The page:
Sean Paul’s “Live N Livin”Album Review
Written By Jen Cheshire
“’Live N Livin’ is one of two albums from the multi-award-winning Jamaican dancehall star, Sean Paul, offering a collaboration over confrontation undertone that showcases unity in Dancehall. The album was inspired by the perception of members of the music industry that dancehall is dead, instead, Sean Paul believes dancehall is alive and well, with a strong pulse. Looking to show the world that dancehall is flourishing and still birthing stars, ‘Live N Livin’ showcase over twenty artists on one body of work.”
“It was important to me to show that in our genre of dancehall, we don’t need to clash in order to attain the spotlight. We don’t need to divide our fans to attain the rotations on the airwaves or streams. Over the years myself, Shaggy, and more recently Koffee, Shensea and others are tapping into the world stage and we are not clashing our co-workers, nor are we dividing our fans. This album ‘Live N Livin’ is an album I hold very dear to my heart because it shows the effort of collaboration over confrontation,” said Sean Paul.
Sean Paul has had many critics over the years amongst the Dancehall artists and fans alike, calling him a “sell-out” for crossing over to a more mainstream sound at times over the years, but Sean has never left his dancehall roots. His latest album “Live N Livin” is an eclectic mix of hardcore Dancehall and conscious Dancehall that guarantees something for all Dancehall fans. Sean collaborates with artists from both sides, illustrating the unity that he was wanting to convey. The album is superbly put together and the following are the tracks that resonated with me.
“Boom” featuring Busy Signal is a hard track to sit still and listen to. This one is guaranteed to be a party and club favorite, with the crowd singing “Boom” along with it.
Initially listening to “The Plug” featuring Chi Ching Ching, I was concentrating on the flow and not paying too much attention to the lyrics. The second time I listened I heard the track as an anthem to the DJ who brings the energy to the club or the radio but then after the third listening I realized there was a sexual undertone to this song. This song highlights the undeniable talent that can incorporate lyrics conveying whatever you want them to mean, without being explicit.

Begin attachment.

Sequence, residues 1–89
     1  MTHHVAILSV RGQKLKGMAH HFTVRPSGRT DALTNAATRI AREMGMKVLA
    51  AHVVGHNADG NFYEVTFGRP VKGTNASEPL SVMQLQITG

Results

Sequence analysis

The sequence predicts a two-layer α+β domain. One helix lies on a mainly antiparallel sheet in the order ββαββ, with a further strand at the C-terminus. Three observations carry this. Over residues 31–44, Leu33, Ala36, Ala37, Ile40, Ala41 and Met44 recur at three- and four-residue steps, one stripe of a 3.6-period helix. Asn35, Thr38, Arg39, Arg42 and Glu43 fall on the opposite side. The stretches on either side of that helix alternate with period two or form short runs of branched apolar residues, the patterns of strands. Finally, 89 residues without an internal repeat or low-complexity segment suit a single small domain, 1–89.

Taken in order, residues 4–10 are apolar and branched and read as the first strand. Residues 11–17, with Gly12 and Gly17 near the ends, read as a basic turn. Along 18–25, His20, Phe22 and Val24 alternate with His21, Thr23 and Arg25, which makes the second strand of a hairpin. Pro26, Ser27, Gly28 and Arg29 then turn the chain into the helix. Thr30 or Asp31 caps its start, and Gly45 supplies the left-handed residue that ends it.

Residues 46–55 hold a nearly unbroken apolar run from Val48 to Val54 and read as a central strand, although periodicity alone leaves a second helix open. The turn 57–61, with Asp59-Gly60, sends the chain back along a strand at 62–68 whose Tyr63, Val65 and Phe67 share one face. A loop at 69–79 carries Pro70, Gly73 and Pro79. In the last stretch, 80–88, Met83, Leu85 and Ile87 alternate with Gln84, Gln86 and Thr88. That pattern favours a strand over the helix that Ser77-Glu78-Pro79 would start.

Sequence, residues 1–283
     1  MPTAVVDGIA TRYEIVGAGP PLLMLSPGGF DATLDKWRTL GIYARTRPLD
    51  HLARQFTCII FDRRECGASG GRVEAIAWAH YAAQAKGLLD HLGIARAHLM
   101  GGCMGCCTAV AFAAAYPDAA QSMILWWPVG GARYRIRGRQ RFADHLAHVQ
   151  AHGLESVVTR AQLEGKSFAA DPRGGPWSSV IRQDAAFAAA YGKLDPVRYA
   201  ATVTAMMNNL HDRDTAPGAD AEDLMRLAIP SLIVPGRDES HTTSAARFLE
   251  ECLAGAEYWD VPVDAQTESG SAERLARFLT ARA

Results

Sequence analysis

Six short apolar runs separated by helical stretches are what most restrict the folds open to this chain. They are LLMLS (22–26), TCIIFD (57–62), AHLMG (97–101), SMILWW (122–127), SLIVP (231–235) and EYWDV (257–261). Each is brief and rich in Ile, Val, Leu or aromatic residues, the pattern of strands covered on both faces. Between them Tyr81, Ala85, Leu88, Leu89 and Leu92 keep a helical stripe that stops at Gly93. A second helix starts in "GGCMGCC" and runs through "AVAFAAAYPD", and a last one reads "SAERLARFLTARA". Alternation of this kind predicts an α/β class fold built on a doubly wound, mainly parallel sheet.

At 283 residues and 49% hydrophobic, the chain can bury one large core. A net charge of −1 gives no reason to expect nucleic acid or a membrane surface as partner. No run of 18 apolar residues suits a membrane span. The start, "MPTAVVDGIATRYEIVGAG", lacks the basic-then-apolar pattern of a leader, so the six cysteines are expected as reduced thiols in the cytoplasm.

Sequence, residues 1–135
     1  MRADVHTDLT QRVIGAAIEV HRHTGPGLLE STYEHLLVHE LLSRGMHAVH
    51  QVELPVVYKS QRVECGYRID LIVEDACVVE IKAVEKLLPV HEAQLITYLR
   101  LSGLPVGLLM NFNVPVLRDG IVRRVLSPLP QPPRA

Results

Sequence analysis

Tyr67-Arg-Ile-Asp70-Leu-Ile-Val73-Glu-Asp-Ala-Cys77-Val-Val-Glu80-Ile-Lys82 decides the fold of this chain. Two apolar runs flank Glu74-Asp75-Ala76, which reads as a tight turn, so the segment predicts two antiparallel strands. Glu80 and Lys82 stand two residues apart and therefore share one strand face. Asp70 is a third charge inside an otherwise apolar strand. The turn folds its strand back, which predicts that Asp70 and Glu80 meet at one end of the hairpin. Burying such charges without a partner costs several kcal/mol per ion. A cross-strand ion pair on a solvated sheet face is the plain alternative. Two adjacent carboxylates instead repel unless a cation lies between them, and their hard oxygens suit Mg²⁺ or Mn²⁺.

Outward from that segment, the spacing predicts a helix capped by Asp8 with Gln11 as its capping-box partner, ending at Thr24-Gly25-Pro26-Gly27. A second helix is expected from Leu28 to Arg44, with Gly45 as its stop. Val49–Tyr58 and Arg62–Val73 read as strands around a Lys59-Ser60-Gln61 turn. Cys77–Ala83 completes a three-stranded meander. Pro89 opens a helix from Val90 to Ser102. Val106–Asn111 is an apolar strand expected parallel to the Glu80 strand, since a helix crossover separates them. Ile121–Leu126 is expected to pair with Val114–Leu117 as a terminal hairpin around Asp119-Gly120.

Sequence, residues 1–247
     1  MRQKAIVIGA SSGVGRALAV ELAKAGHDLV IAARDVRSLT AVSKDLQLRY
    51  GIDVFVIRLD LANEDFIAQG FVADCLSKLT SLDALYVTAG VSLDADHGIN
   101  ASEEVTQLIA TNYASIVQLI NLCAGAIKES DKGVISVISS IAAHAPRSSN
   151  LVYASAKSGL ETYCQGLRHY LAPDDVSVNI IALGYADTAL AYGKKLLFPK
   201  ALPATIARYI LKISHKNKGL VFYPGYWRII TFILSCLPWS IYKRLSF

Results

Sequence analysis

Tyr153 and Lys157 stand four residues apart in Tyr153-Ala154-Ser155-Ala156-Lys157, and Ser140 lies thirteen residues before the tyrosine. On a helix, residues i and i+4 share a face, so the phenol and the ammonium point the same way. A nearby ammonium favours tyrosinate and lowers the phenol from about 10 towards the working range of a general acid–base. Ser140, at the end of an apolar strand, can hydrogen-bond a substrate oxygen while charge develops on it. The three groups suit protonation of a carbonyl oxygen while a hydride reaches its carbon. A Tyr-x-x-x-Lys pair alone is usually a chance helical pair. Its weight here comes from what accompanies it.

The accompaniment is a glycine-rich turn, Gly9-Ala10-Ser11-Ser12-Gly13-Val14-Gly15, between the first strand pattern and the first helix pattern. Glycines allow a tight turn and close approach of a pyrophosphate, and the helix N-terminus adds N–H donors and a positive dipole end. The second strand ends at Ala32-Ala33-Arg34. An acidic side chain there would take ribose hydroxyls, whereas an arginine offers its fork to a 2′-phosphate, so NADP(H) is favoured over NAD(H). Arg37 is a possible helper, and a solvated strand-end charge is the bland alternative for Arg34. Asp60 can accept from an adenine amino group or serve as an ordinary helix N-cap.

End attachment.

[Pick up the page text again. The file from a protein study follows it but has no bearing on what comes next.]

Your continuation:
Another stand-out old-school style dancehall song is “Crazy” featuring Buju Banton.”
This is a different sound from how you would normally hear Buju. Working with him is a dream come true for me” -Sean Paul
This is a fun track that I think will be a favorite.
“Schedule” featuring Jr. Gong and Chi Ching Ching is a catchy, tongue-in-cheek song about the sexual superiority of the Jamaican man. “That’s how we do it, we do it every day.” “That’s how we do it the Jamaican way.” This is the “earworm” track on the album. I found myself singing or humming it all day after I heard it.
The first of the conscious tracks on the album is “Protect Me” featuring Serani. This track is tackling this issue of the people in the industry who are jealous of your success and try to bring you down. “I say a prayer for mi betrayer. They can’t put mi under.”
“Lion Heart”, released as a single in December 2020, is the only solo song by Sean Paul on the album. It was a response to the industry people who were criticizing Sean for not taking part in a Verzus style clash like many other dancehall artists. Sean believed that the clash atmosphere was creating division between fans, and not promoting the unity needed to make Dancehall an International genre.
In December 2020, Sean Paul also released “Guns of Navarone” featuring Jesse Royal and Mutabaruka. This song is a remix now also featuring Ghanaian artist Stonebwoy. It highlights the glorification of violence and the casual disregard for life by the acceptance of it. “How can a people be so traumatized that they start to love the traumatic experiences?”
“Danger Zone” featuring Bugle and Sotto Bless is a call to Dancehall artists to think carefully about how their lyrics are influencing the younger generation, especially the lyrics about violence and gun culture. Although artists have different reasons for their lyrics, some for fame, some for girls but some of them “chat” about righteousness but then live by the gun. The song follows up by highlighting some of the more insidious crimes that are affecting society and how we are living in a Danger Zone where only Jah can save us.
Choosing which tracks to highlight on this album was difficult but I had to include the remix of the 2018 single “I’m Sanctify” featuring Mavado and Agent Sasco. Mavado sums up the world we are in at this time with “To be born ‘pon this earth is a risk.” It’s hard to pick a favorite track on this album but for right now this is mine.
Buy the album in its entirety because some tracks that may not hit you initially, can become among your favorites.
Sean Paul said this is an album for all Dancehall fans with something to please everyone. I’m sure the conscious section of this album will surprise many and apparently he has more to say in upcoming releases. I can’t wait.